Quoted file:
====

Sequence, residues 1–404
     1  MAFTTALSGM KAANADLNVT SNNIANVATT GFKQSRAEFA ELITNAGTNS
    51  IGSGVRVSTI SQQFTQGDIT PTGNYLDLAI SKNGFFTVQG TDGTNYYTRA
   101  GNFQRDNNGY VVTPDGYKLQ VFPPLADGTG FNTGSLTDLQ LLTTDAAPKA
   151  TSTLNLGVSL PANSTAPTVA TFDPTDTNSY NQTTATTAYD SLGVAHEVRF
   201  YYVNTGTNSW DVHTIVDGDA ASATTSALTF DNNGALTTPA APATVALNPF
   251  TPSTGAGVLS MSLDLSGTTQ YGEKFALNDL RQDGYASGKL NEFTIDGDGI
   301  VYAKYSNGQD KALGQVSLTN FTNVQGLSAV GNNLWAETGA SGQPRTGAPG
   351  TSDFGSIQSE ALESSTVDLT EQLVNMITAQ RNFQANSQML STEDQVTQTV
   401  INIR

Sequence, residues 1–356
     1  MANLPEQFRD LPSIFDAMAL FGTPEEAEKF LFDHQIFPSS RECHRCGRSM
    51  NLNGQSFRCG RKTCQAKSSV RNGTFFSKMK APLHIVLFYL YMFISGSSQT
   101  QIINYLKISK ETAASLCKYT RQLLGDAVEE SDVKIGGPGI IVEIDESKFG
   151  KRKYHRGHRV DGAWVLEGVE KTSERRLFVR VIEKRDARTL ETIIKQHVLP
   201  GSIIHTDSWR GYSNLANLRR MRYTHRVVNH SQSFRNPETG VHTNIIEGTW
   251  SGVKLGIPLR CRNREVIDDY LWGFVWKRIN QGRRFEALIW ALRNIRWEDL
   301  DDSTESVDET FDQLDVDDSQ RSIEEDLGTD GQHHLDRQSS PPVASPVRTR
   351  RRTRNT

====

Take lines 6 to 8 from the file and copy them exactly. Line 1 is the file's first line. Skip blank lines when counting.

   201  YYVNTGTNSW DVHTIVDGDA ASATTSALTF DNNGALTTPA APATVALNPF
   251  TPSTGAGVLS MSLDLSGTTQ YGEKFALNDL RQDGYASGKL NEFTIDGDGI
   301  VYAKYSNGQD KALGQVSLTN FTNVQGLSAV GNNLWAETGA SGQPRTGAPG